So that has become a big deal. So this is what's happening out there on modernizing data protection. It's around getting our act together on identity management better. It's getting into looking at the data security posture, not only protecting it, but also including that obviously, and then looking at access to sensitive data over long periods of time.

So you can find things that frankly, you missed the first time. Okay. So at IBM, we have been investing around addressing this stuff for three or four years because we saw this coming rate, IBM as a hybrid cloud in a company. So not only how are we addressing the hybrid cloud stuff that comes up, but we're also infusing a AI, right? We made our major announcement of our Watson X platform and we are infusing AI across almost every piece that you see up here in our technologies that we've done to do this. so that's what we're seeing happening to cybersecurity programs, how they're really being driven to modernize as the organizations around them are modernizing the hybrid cloud and leveraging A.I. much more. So it's modernizing how we do threat management, getting proactive about finding the attack surface and protecting the surfaces rather than wait till someone attacks them.

And then secondly, is moving to an open platform. So you get all the advantages of innovation and integration and scalability and performance, and then ultimately enable your security analysts to accelerate what they do through Federated search and Investigation, as well as a unified workflow. And then on data protection, making sure that you have an integrated view of both identity and access management, as well as data security, including proactively and constantly identifying, discovering the sensitive data, checking its posture, who can get access to it? Does it make sense? Who's accessing it? Does it make sense? Right.

Protecting that data through encryption and data level, access control, etc. And then also looking at data usage over long periods of time to be able to detect problems like insider threat and ultimately being able to automate compliance reporting as much as possible. So our teams aren't just stuck on that all the time. That's what's going on with cyber today. That's something that we're very passionate about that we've invested a lot in to address.

And so thank you for your time. If you like this video and want to see more like it, please like and subscribe. If you have questions, please drop them in the comments below. So what I'm going to close with is just show you a quick mapping of what we're actually doing across these things.

So what we've done for proactive identification of the attack surface is we acquired about a year and a half ago a company called Ran Dory out of Cambridge, Massachusetts. They were the leader in the very young, fresh space of attack surface management and ran. Dory is now part of us for protect for endpoint management. We went out and find this and found this incredibly innovative company called React to about two years ago.

A lot of the Netherlands and we now call that Q radar EDR and that is an incredible tool that does run as a hypervisor and has an air engine attached to it. And so it addresses the Achilles heels that I mentioned that a lot of EDR tools out then for detect and respond. Most people are well aware of our cue radar platform and this is our key radar SIM and Q Radar saw, and most people are also aware that we have a credible cyber range that help that, you know, hundreds of clients have used to help the organization all realize that, yes, cyber is everybody's job and how do we work together better for the open platform? We have gone all in on this and we announced something just recently called Hue Radar Log Insights.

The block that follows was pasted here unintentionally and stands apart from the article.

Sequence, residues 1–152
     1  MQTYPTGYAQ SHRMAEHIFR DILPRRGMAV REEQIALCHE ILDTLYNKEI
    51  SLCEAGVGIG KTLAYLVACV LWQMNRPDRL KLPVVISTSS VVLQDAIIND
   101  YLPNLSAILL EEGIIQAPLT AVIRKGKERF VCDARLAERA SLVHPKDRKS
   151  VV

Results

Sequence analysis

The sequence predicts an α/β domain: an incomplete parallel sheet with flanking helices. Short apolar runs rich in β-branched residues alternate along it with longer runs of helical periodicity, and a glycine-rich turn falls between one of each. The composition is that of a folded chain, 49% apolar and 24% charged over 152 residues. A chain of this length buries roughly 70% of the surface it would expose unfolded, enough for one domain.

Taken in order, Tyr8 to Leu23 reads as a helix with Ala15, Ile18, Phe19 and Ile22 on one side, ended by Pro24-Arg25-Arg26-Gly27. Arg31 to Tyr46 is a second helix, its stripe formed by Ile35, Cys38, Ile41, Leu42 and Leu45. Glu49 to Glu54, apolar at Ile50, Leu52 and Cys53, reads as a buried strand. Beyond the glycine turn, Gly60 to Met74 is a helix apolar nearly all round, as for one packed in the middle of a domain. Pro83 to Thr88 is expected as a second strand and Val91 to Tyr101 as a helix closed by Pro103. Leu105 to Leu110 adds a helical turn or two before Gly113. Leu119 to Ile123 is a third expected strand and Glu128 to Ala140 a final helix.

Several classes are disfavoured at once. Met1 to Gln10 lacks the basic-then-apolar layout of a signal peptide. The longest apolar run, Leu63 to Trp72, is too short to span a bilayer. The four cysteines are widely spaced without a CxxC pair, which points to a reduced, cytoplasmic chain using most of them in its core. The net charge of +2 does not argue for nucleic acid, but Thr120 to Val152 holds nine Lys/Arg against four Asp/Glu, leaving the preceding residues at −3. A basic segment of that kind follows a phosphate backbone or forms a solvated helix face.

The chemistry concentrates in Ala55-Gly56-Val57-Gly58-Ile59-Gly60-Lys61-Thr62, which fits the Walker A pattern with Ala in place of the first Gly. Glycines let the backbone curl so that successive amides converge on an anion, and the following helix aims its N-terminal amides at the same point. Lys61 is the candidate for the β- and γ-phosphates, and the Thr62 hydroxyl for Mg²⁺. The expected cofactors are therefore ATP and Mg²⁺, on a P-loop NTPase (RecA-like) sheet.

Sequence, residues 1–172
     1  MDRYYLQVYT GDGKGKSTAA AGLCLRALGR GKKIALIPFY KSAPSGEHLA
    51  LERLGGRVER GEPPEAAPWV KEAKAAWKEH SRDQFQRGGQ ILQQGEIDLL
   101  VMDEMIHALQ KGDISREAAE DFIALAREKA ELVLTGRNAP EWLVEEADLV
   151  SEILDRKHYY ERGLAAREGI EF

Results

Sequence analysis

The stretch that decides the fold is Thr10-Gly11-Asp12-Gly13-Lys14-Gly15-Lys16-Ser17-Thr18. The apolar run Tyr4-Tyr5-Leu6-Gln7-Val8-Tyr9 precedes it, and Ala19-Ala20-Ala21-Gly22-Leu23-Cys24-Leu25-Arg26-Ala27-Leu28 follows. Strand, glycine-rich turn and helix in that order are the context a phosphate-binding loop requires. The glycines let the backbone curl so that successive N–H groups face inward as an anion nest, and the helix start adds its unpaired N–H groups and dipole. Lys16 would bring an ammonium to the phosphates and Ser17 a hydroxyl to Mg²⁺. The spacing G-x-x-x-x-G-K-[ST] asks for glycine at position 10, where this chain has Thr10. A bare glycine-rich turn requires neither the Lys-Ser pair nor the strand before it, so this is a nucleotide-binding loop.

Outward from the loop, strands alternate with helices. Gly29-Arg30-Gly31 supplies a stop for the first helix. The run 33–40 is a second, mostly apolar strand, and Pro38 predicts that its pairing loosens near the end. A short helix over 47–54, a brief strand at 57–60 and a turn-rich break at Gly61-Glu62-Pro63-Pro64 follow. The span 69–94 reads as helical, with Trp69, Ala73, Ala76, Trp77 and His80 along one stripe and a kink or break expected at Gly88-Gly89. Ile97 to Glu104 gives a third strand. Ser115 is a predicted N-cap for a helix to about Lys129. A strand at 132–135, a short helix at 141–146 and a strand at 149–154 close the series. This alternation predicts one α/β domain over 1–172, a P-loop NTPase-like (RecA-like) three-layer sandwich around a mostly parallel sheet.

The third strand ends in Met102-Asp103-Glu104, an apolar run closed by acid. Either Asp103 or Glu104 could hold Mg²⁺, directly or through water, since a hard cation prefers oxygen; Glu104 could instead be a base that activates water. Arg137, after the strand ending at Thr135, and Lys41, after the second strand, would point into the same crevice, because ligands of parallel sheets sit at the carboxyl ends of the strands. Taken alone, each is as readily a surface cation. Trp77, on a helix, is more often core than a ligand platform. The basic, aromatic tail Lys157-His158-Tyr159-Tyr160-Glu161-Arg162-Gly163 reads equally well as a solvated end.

And what curator log insights gives us is essentially going to open standards, open source for the back end for our capabilities based on Click house. Right. And one of the if not the leading elastic databases that's cloud native.

And so we're essentially providing the ability to have this elastic back end. So the discussion around having to build infrastructure in our solutions, which is used as the infrastructure, right? So very powerful. And then this analyst acceleration piece, this federated search and investigation, as well as a unified workflow, we announced just recently our Q radar suite, which gives us the ability to do those things. And to be honest with you, we've actually had the federated support for a couple of years now.

It's just people are realizing how powerful it is of getting rid of those egress charges and stuff like that. So that's the threat management side of things. And then on the data protection side of things for user and access management, that of course is our verified portfolio. And we also have our Z secure portfolio extending that to the mainframe. So we also have that. And then for data protection for for identifying the data, for doing the posture management and then actually protecting the data.

It is our Guardian platform. We have Guardian data protection, we have Guardian data encryption number one product in the market, and then we also, for the posture management just announced just recently our acquisition of an Israeli company called Polar Security. So Polar gives us the ability to do that posture management that I mentioned, the three layers of it, including seeing the data in the SAS apps, incredibly powerful, a great addition for us. And then the final piece of being able to look at sensitive data access over long periods of time and seeing trends, etc.. That is our cloud native extension to Guardian, that's called Guardian Insights and that includes the polar capability as well. That helps as well.

And you'll see us integrate that stuff together. So that's what's going on with cyber cyber modernization as organizations are going to hybrid cloud and leveraging A.I. more, it's causing those physics such as those egress charges and stuff that we in the cyber space have to adapt to. And what we've done in IBM security have been investing for several years now to allow you to do those things, to ultimately deliver that increased value of being able to get the analyst to do their job much better as being able to innovate for you far

2023-07-25 04:14